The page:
Tummy implant to cut hunger, keep you slim


Written on Monday, November 20, 2006 by Gemini

A 125 Kg British Woman Will Be Fitted With Remote-Controlled ‘Easyband’ To Help Her Lose Weight

A woman weighing 20 stones is to be fitted with a remote- controlled stomach band that can be electronically adjusted from outside her body. The operation on 29-year-old Maria Corvi will be the first of its type carried out. The gastric band will be tightened to vary the capacity of her stomach, limiting the amount of food she eats while giving a feeling of fullness. Called the Easyband, it contains a tiny receiver and a computer chip linked to a motor the size of a 10p piece. Once the band is in place, a wire attached to it is led up into the chest and fitted to a tiny receiver which sits just underneath the skin by the breastbone.

To tighten the Easyband, a doctor presses a button on a handheld computer, sending an electronic signal via the receiver to the motor. Conventional gastric bands are filled with salt water and can be tightened only by injecting more fluid to inflate the band - which carries a risk of infection. Corvi is paying £9,500 for the operation, which will take place at the Alexandra Hospital in Manchester. She hopes it takes her from a Size 20 to a Size 12 after her weight ballooned thanks to takeaways and tortillas.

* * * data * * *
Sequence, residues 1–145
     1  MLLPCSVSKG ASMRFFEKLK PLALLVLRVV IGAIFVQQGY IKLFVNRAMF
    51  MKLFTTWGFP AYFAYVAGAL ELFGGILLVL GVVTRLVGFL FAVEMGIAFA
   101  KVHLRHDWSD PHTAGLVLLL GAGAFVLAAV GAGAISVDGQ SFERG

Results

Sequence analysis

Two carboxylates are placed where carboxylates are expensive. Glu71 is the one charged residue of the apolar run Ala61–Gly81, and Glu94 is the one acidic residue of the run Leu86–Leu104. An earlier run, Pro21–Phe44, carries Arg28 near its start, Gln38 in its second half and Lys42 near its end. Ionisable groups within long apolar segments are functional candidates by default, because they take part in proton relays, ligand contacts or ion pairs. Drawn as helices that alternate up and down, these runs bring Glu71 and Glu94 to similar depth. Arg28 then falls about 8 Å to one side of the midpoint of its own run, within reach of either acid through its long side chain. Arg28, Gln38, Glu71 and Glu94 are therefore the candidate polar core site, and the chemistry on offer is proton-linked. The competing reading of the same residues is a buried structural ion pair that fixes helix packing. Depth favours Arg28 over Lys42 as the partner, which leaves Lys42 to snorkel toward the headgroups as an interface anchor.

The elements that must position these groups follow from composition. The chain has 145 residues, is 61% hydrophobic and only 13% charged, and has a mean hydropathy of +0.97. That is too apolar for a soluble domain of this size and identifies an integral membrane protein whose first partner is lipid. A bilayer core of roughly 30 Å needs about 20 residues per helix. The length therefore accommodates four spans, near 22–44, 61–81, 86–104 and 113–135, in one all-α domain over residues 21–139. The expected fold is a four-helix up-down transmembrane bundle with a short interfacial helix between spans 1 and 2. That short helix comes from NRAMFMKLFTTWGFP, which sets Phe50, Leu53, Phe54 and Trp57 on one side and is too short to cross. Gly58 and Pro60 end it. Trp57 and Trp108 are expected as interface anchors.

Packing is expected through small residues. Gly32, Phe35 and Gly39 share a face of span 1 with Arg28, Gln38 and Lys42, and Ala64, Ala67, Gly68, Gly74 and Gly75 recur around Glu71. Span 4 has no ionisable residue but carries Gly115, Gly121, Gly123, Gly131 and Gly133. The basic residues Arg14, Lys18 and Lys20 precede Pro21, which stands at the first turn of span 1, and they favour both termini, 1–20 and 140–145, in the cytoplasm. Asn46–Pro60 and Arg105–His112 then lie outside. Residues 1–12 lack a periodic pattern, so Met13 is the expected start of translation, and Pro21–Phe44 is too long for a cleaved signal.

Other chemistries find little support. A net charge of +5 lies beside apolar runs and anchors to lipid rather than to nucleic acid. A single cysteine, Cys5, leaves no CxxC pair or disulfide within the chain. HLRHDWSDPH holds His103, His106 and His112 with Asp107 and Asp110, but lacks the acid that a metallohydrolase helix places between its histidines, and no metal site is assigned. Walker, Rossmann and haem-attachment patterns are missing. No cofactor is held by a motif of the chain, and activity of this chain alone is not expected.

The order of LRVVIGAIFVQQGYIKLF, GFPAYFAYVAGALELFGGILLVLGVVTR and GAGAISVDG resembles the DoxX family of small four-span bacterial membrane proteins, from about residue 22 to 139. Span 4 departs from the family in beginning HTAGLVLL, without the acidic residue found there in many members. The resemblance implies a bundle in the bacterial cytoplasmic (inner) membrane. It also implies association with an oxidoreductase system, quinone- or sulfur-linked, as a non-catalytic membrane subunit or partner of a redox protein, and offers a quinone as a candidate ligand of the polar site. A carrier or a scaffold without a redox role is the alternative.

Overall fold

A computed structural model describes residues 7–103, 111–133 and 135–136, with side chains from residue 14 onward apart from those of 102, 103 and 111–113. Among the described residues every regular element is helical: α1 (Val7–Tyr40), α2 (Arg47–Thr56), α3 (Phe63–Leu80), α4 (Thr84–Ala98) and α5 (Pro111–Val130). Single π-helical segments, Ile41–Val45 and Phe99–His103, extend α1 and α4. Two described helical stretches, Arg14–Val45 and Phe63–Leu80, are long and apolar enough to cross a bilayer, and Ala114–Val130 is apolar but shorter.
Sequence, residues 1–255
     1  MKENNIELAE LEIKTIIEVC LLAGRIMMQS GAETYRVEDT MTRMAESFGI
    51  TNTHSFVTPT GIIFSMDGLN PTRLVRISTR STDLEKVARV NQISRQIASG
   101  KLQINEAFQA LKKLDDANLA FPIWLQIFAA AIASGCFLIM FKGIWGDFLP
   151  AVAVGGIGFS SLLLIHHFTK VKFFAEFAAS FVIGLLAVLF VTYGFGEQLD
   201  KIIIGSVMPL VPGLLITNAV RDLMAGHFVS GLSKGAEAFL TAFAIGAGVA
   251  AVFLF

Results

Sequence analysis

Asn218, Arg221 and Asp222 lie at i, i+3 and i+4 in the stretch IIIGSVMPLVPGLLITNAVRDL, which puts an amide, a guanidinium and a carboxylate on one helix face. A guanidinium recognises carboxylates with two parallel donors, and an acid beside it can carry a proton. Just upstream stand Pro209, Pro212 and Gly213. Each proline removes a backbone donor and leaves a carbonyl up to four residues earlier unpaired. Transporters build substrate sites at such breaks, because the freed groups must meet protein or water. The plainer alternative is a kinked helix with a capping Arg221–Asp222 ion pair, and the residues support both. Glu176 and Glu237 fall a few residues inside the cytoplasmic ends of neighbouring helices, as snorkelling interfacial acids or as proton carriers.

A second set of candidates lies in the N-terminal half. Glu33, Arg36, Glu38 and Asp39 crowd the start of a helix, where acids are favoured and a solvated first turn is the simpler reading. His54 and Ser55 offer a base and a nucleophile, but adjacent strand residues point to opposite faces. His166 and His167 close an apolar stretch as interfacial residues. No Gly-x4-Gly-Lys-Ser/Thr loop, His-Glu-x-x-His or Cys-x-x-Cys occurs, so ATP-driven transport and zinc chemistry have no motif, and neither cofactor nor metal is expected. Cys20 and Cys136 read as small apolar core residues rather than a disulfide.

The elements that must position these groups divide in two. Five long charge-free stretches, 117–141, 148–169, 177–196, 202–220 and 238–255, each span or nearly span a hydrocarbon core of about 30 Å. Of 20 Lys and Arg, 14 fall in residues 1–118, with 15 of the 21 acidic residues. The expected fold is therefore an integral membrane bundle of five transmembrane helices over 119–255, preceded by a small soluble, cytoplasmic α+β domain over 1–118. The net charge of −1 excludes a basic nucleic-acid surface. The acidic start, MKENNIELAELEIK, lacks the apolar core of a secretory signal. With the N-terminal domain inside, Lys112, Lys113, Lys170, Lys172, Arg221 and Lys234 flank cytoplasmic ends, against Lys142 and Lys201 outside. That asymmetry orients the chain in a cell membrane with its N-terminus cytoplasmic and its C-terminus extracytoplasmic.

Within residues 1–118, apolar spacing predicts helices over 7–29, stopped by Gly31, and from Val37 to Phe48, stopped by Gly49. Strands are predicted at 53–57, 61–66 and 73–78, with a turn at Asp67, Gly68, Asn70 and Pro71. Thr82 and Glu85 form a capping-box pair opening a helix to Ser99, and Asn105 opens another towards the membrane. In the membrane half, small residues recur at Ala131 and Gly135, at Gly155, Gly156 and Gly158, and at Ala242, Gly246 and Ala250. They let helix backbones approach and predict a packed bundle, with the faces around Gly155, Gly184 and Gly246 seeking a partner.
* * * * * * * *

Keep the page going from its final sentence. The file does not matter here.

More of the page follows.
She said: “I have thought about weight-loss surgery several times. I was put on my first diet by my mum, who took me to see a nutritionist when I was six. I have tried all the diets going and last year I started a hospital diet. I did lose a few stones, but I have put the weight back on.” David Ashton, from the Healthier Weight Centre said: ‘This is a huge advance for gastric band surgery. It allows accurate and painless adjustments, whilst removing the risk of infection or leaks.”

Model ‘stomach’ to aid research
British scientists have built what they say is the world’s first artificial stomach: a shiny, high-tech box that physically simulates human digestion. Constructed from plastics and metals able to withstand the corrosive acids found in the gut, the device will aid development of supernutrients, such as foods that could fool the stomach.

“There have been lots of jam-jar models of digestion before,” said Martin Wickham of Norwich’s Institute of Food Research, the artificial gut’s chief designer, referring to the beakers of enzymes typically used to approximate the chemical reactions in the stomach.

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